But she’s right; we didn’t have the green thing back then.
We drank from a fountain when we were thirsty instead of using a cup or a plastic bottle every time we had a drink of water. We refilled writing pens with ink instead of buying a new pen, and we replaced the razor blades in a razor instead of throwing away the whole razor just because the blade got dull.
But we didn’t have the green thing back then.
Back then, people took the bus and kids rode their bikes to school or walked instead of turning their mums and dads into a 24-hour taxi service. We had one electrical outlet in a room, not an entire bank of sockets to power a dozen appliances. We didn’t need a computerized gadget to receive a signal beamed from satellites 2,000 miles out in space in order to find the nearest pizza joint.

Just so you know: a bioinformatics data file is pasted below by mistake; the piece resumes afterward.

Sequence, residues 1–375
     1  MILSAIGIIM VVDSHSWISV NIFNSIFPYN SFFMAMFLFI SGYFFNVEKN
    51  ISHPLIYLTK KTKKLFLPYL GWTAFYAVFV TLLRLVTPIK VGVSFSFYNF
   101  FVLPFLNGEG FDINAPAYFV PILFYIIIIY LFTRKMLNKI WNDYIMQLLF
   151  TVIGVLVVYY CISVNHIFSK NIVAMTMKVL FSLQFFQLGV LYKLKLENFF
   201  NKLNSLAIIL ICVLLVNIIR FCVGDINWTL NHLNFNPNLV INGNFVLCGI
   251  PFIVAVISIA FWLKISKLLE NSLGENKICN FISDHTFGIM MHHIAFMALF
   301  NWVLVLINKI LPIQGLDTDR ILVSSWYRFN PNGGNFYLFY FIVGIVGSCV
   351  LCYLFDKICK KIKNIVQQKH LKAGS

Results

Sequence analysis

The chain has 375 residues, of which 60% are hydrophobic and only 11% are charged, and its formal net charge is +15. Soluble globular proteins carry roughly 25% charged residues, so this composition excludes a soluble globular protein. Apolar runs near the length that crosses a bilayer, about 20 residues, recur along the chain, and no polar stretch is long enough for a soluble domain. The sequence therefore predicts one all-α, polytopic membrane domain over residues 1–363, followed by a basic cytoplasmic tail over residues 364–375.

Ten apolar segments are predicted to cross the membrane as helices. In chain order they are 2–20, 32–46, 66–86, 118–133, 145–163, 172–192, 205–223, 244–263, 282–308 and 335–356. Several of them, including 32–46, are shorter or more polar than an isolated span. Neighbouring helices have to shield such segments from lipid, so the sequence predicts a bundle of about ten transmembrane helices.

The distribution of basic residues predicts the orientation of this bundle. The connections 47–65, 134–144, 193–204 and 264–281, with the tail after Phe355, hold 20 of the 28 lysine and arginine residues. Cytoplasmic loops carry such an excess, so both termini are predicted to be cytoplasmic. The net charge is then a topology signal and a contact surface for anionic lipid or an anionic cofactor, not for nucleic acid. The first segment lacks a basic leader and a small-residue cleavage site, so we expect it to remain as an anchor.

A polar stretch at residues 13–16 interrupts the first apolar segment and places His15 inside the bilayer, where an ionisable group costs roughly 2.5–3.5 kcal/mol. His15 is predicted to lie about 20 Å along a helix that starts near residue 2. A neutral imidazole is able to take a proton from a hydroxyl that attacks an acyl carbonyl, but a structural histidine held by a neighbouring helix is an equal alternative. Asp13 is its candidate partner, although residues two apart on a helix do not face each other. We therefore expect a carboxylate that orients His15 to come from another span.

But isn’t it sad the current generation laments how wasteful we old folks were just because we didn’t have the green thing back then?
It is undeniable that through time there have been the most wonderful inventions that have made our lives easier, more enjoyable and provided us ‘luxuries’ undreamed of by our forebears. Yet can one reader point to any of these ‘improvements’ that has not been achieved by either coercion or propaganda, in one form or another? Even our ability to think whether to embrace the benefits of each and every ‘improvement’ in our lives has been eroded by either coercion or propaganda.